2017 ROBERT P. BERGMAN PRIZE
Growing up a Navy brat at various bases, Grafton Nunes’ medium of escape was comic books, armed forces radio and movies. While his father was stationed at Bremerhaven, Germany, Grafton watched a different movie on base every night, for 50 cents. When they returned to the US, his family got their first television set, and he religiously watched the 4:30pm early show every day.
“Films were the center of my focus,” he says. “It was almost like getting a cinema education in the movies of the ‘30’s, ‘40s and ‘50’s.”
The farther he progressed in his education, the deeper he got into film. While attending the College of Holy Cross to earn his bachelor's in English and religion, he immersed himself in the college’s film society. By the time he was working on his Ph.D. in English at Columbia University, he had to face the fact he was deeply in love with films.
“I wanted to study movies, so I dropped out of Columbia’s PhD program and enrolled in the film school the following year,” he says. “Then, it was 24/7 watching movies, thinking and writing about movies. It was heaven.”
Upon earning his master’s in film history, theory and criticism, he became the departmental administrator of the film school at Columbia. When the chairman resigned, Grafton asked acclaimed auteur Milos Forman to replace him, and ended up working very closely with Forman for the next few years. “At that point, I was totally involved in art and cinema,” Grafton says.
Three years later, he was hired by filmmaker Paul Schrader to work at Paramount Pictures. On a Midwest scouting assignment with Schrader, Grafton got his first taste of Cleveland, when the pair visited the Euclid Tavern as a possible site. Grafton went on to produce director Kathryn Bigelow’s first film, The Loveless, starring Willem Dafoe in his first lead role.
Grafton then returned to Columbia University to run a theater internship program with the Shubert Theatre Organization. He began working on his master’s in theater history and film studies, and then was asked by the dean of the school of the arts to serve as associate dean.
“As associate dean, I had responsibility for the creative writing, painting and sculpture, film and theater programs,” he says. “So I became involved with a wide range of the arts, and it was really exciting.”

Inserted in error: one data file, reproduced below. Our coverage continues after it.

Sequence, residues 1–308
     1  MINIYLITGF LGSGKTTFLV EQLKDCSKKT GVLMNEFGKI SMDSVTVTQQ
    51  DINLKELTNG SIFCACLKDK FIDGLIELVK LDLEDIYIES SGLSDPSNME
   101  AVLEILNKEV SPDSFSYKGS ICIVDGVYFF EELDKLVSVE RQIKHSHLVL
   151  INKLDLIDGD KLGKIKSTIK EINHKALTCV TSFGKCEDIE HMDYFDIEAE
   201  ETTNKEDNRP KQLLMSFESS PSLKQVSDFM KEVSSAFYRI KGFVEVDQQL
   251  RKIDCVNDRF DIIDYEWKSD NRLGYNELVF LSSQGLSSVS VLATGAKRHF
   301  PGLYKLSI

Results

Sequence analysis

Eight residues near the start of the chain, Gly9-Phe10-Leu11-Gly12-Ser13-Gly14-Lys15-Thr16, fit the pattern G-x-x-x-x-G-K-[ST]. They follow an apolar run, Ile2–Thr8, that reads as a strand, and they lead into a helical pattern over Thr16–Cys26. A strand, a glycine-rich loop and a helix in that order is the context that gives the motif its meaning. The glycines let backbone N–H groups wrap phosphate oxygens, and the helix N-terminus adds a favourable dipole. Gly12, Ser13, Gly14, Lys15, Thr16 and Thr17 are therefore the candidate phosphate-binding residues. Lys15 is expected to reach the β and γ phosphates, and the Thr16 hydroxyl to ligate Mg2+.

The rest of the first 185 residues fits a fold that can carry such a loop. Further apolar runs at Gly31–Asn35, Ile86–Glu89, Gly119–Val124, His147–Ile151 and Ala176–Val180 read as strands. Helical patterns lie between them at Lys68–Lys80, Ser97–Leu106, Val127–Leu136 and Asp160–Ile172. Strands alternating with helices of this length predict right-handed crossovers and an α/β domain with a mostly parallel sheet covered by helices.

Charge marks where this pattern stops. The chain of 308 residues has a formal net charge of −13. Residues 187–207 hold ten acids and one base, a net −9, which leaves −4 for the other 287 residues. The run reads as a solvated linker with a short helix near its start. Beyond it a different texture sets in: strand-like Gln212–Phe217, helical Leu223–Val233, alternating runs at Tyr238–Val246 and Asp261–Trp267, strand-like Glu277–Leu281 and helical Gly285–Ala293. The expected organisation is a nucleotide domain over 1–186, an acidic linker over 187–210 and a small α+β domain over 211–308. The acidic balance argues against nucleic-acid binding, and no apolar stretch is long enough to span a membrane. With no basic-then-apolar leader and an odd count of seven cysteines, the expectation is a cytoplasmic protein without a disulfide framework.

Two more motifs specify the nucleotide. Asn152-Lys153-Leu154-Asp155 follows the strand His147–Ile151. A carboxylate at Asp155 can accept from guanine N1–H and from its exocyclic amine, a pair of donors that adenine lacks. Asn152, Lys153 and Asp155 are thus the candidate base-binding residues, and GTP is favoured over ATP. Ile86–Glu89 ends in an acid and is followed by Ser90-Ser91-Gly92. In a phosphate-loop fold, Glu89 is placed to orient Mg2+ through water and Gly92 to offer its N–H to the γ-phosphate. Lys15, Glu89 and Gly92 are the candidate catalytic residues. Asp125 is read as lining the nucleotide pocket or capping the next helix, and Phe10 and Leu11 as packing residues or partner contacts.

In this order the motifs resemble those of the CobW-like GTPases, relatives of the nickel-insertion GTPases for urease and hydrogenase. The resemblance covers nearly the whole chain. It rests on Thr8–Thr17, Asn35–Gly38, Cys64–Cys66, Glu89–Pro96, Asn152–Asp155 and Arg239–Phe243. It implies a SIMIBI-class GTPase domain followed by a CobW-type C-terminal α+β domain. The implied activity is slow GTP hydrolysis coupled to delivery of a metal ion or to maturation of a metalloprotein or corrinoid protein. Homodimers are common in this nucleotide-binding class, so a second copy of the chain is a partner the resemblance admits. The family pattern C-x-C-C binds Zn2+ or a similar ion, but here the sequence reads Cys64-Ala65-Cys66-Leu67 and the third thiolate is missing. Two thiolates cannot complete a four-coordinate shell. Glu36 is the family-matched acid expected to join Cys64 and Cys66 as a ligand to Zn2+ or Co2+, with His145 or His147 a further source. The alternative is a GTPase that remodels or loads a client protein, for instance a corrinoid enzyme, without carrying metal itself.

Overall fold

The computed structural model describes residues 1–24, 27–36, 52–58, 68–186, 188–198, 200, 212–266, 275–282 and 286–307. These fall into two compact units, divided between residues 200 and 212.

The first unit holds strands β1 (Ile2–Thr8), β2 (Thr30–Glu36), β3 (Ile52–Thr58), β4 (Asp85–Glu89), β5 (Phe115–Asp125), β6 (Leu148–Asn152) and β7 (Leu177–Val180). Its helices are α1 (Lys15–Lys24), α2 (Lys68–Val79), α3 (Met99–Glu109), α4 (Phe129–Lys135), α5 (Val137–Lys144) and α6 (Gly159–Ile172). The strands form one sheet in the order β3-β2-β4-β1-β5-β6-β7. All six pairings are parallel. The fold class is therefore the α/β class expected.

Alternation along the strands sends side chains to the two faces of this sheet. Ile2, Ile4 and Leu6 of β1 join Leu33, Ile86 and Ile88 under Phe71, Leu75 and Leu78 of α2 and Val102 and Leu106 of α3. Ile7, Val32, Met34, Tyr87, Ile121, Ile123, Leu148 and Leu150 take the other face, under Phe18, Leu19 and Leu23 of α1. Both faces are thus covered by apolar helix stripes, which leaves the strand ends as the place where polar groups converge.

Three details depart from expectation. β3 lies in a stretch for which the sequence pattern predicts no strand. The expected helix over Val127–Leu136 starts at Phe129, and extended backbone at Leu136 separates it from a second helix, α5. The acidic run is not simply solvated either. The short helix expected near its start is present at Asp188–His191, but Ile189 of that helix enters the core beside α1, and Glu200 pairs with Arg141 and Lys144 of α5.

In 1998, he became the founding dean of the school of the arts at Emerson College, in Boston. During his 12-year tenure, he instituted a master’s in fine arts program that is now listed as the No. 8 media program in the world, as well as first-rate creative writing and performing arts programs.
On July 1, 2010, Grafton become the 10th president of the Cleveland Institute of Art. He fondly recalls his first night in town a couple weeks prior to his installation, when he attended the Cleveland Arts Prize awards ceremony.
“I was so impressed that this city cared enough about the arts that it could give these awards to the quality of people on that stage,” he says. “It told me there is an audience that supports the arts here, and this sophisticated, well-heeled, financially supportive audience believes that the arts are important to the life of this city.”
Grafton has leveraged renovation of the school’s signature building and campus unification to re-launch CIA and highlight the building’s inviting elements to welcome the entire community. These include the 32'x50' Toby Lewis Media Mesh, a lively and fun medium for sharing the work of CIA’s students and faculty with the neighborhood; the prominently situated Reinberger Gallery, which provides a bright, well-lit backdrop to work by not only students and faculty, but also emerging national and international contemporary artists – all in a venue that is free and open to the public.
Of course, one of Grafton’s favorite components is the state-of-the-art Peter B. Lewis Theater, which allows the Cinematheque to showcase films in the conditions that the director originally intended. He also loves the abundant windows throughout that foster cross-pollination of the various disciplines.
“His focus is pointed all day, every day at his students,” says Michael Schwartz, retired president of Cleveland State University. “CIA may be the most student-centered academic environment I’ve ever seen.”
Cleveland Arts Prize
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